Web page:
The challenges as the head of IT for a major international law firm with 700 attorneys, 1,500 total employees and 20 separate offices around the world aren’t exactly small, but Baker Donelson CIO John D. Green is up to the task – even when that task changes a little every day.
Different parts of Baker Donelson’s sprawling practice have different needs, said Green, who sat down with Network World Tuesday at Riverbed’s Disrupt event in New York. The real estate practice, tax, and patent and trademark practices, among others, have their own software, all of which Donelson has to support.
“I think I support 275 different applications,” he said. And thanks to Baker Donelson’s huge demand for video conferencing, he does it via a network that has to be carefully managed to bear the strain.
The firm, according to Green, has 40 specialist video conferencing rooms, all of which are in near-constant operation for at least five hours a day.
“I run more video than CBS,” he joked. “So being able to get the best quality of service out of my network is absolutely critical to make sure that video is crisp and functioning.”
Green also told Network World that he’d recently concluded a major initiative that saw the law firm implement a cloud-based document storage and retrieval service called NetDocuments. That’s 15 document data centers consolidated, and 18 million documents that now live in the cloud.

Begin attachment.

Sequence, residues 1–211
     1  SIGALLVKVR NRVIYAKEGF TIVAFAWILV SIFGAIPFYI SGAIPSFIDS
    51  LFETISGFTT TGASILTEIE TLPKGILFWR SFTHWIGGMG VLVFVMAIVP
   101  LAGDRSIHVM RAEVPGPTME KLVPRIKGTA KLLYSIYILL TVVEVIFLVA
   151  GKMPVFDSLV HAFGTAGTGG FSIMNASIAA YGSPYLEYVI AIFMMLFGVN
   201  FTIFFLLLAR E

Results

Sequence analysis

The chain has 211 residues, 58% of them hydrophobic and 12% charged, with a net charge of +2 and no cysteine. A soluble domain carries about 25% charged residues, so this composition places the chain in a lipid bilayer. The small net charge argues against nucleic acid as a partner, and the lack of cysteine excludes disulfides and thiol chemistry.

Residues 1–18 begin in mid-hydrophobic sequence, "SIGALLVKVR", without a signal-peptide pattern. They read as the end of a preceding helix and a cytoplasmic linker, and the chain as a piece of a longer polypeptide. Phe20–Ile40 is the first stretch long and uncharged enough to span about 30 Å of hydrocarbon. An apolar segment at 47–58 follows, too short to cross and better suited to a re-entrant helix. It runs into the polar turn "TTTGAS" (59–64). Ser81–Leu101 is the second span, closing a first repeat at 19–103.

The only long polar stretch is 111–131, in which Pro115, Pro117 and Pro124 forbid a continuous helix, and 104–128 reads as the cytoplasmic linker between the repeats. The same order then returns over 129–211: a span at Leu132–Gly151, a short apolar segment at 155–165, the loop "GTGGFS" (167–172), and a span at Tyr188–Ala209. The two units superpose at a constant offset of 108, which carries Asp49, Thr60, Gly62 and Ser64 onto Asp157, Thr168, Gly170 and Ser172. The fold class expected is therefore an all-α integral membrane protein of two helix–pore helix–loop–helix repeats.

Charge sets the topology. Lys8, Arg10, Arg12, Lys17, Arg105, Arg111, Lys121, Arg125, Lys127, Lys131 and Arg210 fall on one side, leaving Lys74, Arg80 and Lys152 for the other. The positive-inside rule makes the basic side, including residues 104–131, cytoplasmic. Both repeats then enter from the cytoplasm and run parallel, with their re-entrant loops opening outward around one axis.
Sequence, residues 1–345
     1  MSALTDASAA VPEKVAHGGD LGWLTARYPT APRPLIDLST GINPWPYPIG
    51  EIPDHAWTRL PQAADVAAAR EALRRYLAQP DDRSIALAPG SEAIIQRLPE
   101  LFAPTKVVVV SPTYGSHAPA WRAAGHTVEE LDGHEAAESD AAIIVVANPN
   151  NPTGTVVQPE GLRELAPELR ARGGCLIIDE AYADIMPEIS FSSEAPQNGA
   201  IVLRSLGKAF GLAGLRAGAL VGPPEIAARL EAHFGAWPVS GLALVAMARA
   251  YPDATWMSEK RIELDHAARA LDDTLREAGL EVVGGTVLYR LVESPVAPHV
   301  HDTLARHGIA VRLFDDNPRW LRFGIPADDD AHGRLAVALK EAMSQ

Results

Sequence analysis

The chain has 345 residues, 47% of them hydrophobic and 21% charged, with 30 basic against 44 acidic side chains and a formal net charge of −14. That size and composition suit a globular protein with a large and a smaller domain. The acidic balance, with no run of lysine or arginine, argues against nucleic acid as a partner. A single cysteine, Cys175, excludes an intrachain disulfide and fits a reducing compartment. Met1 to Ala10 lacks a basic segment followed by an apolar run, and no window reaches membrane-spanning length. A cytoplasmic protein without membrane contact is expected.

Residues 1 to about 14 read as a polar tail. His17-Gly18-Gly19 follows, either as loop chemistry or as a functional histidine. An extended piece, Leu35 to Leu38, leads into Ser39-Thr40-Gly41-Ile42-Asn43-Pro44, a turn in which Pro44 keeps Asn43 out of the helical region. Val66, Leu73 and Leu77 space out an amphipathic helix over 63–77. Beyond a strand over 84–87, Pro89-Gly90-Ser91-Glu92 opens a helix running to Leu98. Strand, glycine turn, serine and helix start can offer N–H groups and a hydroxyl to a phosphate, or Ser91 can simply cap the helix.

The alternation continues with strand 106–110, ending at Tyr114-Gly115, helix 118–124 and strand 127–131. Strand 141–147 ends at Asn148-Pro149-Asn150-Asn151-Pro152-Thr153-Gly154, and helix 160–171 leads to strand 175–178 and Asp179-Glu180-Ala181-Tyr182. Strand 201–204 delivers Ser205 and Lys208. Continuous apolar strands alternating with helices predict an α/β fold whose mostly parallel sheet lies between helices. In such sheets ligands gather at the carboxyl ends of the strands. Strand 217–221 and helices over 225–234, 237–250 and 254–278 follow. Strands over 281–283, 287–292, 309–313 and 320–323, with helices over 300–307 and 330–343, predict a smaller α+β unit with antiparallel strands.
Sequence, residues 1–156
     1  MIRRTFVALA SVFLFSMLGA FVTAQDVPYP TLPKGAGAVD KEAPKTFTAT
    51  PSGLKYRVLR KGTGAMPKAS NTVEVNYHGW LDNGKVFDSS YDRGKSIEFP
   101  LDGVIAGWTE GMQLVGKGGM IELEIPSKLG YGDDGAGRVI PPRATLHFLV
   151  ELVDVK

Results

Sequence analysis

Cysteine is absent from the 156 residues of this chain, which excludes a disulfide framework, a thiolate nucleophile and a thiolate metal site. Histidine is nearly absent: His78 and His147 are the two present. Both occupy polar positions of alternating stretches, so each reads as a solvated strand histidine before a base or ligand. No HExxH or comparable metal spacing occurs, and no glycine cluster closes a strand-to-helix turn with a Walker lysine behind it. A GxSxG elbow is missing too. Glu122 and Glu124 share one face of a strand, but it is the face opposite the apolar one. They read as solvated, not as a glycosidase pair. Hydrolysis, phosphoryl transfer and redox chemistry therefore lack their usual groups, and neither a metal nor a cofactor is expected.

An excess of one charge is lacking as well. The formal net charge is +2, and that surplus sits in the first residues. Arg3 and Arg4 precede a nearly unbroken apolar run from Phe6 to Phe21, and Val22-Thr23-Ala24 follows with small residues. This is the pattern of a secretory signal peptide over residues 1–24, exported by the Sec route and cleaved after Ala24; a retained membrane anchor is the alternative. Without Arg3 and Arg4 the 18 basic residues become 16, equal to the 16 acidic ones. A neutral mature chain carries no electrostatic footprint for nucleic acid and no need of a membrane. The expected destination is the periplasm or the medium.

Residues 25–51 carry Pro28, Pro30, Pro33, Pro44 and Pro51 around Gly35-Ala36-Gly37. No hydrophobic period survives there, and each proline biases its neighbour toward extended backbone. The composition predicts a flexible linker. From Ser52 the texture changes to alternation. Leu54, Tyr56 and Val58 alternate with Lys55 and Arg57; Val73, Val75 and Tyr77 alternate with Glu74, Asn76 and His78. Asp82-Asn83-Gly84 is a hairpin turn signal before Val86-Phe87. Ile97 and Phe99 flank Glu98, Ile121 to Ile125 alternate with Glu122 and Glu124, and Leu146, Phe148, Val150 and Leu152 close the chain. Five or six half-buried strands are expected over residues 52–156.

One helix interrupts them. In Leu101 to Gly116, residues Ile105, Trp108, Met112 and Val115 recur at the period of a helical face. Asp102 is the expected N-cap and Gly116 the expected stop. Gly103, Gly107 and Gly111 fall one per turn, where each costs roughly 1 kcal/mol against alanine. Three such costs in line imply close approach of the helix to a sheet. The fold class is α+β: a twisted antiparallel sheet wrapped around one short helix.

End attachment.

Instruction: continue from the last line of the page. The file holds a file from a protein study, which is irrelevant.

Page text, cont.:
Green told Network World that he’s been a Riverbed customer more or less since the vendor started up. That has a lot to do with the large number of different offices he supports, as well as their varying requirements.
Baker Donelson CIO John D. Green
“It’s very difficult for me to keep a very large circuit going into very small offices, so putting a Riverbed appliance into a smaller office with like 10 attorneys can give me the same experience for my attorneys as though I had a 50 meg pipe going into a larger office,” he said. “There’s economy of scale there at certain points.”
From Here to Aternity
But his favorite Riverbed feature is one that originated outside the company – end-user monitoring originally from Aternity. (See: “Riverbed acquires Aternity to get an end-user perspective”)
“It is very near and dear to my heart,” Green said. “I have been an Aternity user for about seven years, and it was like a lightning bolt for me – I was spending all this money on technology but my end-users still weren’t happy. And I couldn’t figure out why. I would be in management meetings and I would be spewing technical jargon about how the networks were up 99.9% of the time, and the databases were up and the email servers are up and I’ve got all these five-nine statistics, but my users were revolting, they were after me.”
Being able to track the actual end-user experience in a concrete way, he said, has been a godsend, and Riverbed’s purchase of Aternity, integrating that functionality more closely into other products he already used, made the system even more useful.
“You’ve also got a mix of tools now that are going to be combined into a single pane of glass that’s going to give you total visibility across your network, from the servers to the circuits,” said Green.